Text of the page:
As for the wealthy being entitled to their as long as they dedicate many hundreds of hours to advocacy and service--I have a hard time understanding how anyone, no matter how much advocacy and service they perform, is entitled to more wealth than they could possibly spend, even if they lived to be 200 years old. I know I'm going to alienate people by saying this, but I admit, I have radical ideas: What I see first-hand in the wealthy is that they expect the working class, and the working poor, to subsidize their comfort, diversions, luxuries, and possessions they want but don't need, by working for them at wages so suppressed that they, the working poor, can't afford basic needs. I don't care how many hundreds of hours a person devotes to advocacy and service, nothing entitles them to do this. I don't say that out of envy. I don't begrudge people having more than I do. But the practice I described here is hoarding, plain and simple. And the government shouldn't have to tax the wealthy to provide services like food and shelter to the poor. The help should come voluntarily and freely from the more well-off. If this were a just and humane society, that would happen.
I don't know that I've answered your question, Rosemary, but attitudes have to change. We define serving our self-interests in short-term, material, and immediate terms. We don't think long-term, we don't look very far outside our own immediate world to consider that our self-interests are "out there," too. Forget for a minute how immoral it is to enjoy wealth while people in nearby communities suffer in poverty. When we let this happen, we waste human potential and talent at a time when we need it desperately, and we destabilize entire communities. We end up paying for it in the end.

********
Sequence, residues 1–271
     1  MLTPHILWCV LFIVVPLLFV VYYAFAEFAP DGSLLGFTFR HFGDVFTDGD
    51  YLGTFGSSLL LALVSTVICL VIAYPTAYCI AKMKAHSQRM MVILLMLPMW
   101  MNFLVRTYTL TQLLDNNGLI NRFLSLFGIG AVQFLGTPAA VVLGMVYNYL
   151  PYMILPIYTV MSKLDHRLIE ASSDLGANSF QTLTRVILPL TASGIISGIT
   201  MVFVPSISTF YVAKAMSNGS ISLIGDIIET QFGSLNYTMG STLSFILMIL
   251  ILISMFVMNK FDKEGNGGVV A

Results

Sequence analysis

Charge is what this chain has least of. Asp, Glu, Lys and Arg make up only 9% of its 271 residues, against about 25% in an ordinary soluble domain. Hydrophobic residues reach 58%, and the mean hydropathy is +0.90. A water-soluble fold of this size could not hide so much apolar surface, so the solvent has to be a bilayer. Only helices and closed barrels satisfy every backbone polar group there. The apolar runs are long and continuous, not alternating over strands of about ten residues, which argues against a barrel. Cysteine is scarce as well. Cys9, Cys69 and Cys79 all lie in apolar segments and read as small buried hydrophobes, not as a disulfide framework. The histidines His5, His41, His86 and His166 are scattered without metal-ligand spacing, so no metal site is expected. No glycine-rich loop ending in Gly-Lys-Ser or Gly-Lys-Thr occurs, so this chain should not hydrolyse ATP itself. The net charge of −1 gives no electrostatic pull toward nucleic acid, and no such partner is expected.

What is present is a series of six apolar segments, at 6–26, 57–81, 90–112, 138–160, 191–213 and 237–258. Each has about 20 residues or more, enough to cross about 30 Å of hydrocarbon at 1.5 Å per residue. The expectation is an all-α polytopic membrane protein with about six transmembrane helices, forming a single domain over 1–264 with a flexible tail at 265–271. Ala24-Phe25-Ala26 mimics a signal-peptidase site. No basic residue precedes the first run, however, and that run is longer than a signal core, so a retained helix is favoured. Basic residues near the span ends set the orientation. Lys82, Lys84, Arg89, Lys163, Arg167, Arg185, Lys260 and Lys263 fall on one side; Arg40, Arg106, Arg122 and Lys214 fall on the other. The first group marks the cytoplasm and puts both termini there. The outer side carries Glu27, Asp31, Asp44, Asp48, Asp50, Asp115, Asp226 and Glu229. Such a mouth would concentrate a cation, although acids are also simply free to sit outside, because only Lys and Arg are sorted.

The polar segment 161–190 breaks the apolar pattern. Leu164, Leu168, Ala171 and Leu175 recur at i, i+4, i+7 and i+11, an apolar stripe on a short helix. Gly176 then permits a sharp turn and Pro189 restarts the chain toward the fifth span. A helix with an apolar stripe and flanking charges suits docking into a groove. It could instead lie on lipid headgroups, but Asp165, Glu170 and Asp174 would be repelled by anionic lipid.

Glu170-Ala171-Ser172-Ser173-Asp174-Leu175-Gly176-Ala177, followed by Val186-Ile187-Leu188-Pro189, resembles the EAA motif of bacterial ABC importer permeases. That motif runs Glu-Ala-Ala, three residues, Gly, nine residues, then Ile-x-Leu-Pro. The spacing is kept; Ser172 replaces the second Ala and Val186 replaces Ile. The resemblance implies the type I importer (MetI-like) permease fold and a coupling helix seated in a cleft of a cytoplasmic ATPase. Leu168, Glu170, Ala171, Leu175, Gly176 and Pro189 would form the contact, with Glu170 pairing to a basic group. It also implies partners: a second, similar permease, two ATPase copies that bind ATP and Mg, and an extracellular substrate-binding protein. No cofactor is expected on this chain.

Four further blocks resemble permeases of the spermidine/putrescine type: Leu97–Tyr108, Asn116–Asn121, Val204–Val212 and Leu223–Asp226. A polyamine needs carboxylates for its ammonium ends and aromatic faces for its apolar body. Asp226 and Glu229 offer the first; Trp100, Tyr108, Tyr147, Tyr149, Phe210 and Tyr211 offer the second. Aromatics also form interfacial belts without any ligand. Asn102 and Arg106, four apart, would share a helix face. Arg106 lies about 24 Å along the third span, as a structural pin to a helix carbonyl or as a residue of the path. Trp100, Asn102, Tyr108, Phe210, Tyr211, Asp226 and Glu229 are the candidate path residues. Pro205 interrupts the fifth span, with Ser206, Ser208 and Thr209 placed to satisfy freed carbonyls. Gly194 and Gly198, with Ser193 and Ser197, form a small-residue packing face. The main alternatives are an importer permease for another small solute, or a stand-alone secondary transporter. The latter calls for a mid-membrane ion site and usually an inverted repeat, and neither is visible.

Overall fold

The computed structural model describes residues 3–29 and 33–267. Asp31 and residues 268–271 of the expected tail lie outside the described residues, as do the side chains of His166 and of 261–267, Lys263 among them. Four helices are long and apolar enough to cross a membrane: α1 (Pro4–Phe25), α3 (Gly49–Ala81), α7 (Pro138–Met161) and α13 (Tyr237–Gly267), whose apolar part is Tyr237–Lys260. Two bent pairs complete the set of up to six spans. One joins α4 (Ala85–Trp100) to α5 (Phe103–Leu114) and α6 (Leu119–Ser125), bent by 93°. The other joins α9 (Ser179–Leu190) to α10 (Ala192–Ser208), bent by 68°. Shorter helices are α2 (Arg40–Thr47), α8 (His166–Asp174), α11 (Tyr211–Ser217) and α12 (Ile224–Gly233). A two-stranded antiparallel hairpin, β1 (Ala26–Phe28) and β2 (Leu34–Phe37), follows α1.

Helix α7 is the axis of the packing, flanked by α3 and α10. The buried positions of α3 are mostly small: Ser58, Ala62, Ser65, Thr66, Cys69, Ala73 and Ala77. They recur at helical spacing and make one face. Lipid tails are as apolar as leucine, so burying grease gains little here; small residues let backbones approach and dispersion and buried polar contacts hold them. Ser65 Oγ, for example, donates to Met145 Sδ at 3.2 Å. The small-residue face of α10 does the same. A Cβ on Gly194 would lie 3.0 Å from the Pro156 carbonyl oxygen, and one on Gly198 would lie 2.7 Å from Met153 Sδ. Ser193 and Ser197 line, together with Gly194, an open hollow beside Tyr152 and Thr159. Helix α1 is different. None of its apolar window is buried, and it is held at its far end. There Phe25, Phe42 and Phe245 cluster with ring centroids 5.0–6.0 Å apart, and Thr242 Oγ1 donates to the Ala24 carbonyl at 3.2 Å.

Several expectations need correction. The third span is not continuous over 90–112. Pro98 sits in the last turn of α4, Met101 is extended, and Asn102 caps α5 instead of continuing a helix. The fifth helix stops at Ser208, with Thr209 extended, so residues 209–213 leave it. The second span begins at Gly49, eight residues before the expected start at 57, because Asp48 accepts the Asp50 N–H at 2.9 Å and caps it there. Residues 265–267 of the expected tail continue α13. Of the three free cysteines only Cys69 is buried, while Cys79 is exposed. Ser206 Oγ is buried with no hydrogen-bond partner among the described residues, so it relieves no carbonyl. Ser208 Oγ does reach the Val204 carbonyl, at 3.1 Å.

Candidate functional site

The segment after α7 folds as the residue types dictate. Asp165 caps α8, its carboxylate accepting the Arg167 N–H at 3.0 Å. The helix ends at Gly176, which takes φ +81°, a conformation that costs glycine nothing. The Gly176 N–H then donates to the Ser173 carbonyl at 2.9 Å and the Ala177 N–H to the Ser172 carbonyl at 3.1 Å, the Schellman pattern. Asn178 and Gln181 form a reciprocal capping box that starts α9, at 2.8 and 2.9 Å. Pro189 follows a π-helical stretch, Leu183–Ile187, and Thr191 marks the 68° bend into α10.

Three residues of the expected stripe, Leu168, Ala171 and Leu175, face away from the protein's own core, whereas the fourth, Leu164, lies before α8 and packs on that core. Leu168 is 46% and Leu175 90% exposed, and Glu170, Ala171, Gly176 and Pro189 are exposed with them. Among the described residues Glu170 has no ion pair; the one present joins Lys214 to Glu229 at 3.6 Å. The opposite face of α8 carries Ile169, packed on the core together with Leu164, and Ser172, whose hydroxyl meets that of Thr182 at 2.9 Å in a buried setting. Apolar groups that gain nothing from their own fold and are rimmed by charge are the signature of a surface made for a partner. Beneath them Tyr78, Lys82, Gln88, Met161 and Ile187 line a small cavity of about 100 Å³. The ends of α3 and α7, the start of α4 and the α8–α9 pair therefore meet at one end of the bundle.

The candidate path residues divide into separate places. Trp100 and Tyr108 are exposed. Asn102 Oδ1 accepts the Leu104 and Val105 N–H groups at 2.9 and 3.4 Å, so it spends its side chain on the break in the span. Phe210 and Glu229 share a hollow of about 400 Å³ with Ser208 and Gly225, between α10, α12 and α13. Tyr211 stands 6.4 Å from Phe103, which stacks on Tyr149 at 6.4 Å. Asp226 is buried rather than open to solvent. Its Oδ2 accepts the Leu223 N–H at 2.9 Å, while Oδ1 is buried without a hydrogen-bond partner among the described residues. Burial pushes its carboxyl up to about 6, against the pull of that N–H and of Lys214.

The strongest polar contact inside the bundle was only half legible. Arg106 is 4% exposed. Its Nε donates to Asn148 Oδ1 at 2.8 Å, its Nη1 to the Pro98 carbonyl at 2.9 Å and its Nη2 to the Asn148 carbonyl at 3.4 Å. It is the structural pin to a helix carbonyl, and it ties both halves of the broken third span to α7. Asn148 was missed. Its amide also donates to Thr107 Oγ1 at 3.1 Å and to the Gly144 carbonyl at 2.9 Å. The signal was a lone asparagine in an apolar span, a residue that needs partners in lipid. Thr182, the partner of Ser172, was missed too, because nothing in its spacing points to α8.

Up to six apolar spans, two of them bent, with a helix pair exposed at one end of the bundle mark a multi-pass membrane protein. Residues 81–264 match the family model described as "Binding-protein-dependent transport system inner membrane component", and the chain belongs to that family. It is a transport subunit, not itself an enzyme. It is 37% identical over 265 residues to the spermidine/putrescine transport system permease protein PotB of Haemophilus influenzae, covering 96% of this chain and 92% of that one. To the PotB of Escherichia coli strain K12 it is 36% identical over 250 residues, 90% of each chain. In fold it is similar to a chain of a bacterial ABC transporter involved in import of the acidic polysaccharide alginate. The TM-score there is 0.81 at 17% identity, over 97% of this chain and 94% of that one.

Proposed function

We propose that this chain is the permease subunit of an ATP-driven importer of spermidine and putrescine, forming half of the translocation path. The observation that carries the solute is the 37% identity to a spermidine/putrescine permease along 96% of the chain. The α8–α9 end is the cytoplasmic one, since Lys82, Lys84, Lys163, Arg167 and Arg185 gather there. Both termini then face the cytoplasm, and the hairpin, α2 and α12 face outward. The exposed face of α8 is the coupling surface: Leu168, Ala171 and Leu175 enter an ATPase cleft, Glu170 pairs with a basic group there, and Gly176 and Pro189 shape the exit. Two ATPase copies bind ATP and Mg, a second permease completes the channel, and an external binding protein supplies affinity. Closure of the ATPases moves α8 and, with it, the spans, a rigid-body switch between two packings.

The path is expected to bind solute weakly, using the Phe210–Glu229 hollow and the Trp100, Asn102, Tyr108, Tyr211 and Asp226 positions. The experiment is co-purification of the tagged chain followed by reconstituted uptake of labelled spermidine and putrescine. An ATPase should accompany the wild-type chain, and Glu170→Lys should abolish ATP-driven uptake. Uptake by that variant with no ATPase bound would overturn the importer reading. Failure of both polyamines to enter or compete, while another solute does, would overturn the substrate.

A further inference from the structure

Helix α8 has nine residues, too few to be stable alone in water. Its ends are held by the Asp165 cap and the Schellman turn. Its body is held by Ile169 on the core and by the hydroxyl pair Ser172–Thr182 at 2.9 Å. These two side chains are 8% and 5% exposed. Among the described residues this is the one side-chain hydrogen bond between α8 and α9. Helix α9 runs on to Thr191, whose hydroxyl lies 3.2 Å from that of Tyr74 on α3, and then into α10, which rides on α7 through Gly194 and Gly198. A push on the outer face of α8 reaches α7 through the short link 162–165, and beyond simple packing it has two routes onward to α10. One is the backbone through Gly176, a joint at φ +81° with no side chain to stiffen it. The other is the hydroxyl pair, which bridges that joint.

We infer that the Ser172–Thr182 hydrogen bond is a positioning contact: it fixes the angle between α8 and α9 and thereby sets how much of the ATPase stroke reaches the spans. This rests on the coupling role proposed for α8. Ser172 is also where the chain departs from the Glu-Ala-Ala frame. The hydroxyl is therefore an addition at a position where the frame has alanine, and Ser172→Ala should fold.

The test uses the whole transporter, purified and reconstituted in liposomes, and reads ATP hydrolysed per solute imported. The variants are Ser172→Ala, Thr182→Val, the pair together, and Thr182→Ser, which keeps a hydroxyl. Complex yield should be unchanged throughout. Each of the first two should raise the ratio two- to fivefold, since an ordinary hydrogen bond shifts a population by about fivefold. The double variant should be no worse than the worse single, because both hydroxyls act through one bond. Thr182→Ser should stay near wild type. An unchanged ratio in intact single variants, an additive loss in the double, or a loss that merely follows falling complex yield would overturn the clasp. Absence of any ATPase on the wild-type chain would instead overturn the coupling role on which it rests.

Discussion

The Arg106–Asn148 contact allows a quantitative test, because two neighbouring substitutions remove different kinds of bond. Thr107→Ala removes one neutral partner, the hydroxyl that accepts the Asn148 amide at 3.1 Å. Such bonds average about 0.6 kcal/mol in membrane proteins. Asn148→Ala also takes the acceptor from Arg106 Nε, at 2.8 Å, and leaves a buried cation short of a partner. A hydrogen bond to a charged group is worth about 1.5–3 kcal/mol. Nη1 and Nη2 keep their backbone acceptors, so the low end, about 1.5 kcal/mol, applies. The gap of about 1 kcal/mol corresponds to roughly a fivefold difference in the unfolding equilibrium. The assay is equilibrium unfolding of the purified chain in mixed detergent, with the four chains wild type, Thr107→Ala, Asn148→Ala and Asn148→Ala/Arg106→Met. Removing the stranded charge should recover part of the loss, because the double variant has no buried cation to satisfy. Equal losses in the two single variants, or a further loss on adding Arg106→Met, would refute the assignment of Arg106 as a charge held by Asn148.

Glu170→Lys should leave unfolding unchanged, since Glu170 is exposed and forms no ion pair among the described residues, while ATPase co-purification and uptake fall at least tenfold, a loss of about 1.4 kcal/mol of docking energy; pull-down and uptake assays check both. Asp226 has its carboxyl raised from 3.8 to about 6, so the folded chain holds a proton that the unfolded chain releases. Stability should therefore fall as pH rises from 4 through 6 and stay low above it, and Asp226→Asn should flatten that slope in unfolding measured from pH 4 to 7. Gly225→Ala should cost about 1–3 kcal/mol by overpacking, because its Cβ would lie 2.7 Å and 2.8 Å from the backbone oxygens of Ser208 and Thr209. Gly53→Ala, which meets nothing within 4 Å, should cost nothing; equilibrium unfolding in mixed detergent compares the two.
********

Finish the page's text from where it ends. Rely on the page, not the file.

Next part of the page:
Those are my thoughts for now. I just wanted to get a good discussion going. I thought it was needed after I visited Quaker Yahoo Groups, scrolled down a few pages, and didn't see a single discussion about the just sharing of wealth. At a time when we have families with children living under bridges, it seems to me like the topic should carry a sense of urgency. I'm puzzled and indignant that it doesn't.
It's a humbling topic of discussion, for me at least. Yet I think we will have the rich always with us. I believe in corporate action (i.e. getting elected officials) to make our country and world more just. But when we hear that the administration is reneging on its promise of providing a billion a year for aids treatment in Africa, and that public health clinics in America are also stopping anti-retroviral treatments, whereas the military will get another 33 billion, I despair of the government, too. As for me, I'm not rich, but I spend more money on treatments for my own kids who have special needs than I do on feeding other children. I don't spend it on luxuries, but nevertheless...
In 1991, my wife Anne and I were caught up in a friend's effort to correct the City of San Diego's treatment of homeless people. [Suggesting groups he might approach, I remembered the Quakers, and my sense that if anyone was trying to practice Christianity for real, it would be them... and this thought inspired me to once more start attending Meetings, which this time became a regular practice...]
After our first demonstration, we were talking about how long we'd want to keep doing this sort of thing. We thought that after a month or so, the City would make a few obvious policy changes and we could go back to writing poetry...
In 2002 I'd been editing/publishing a monthly tabloid street paper on poverty issues for nearly 5 years, and I was utterly burned out, still wondering why nobody else saw homelessness as an urgent issue.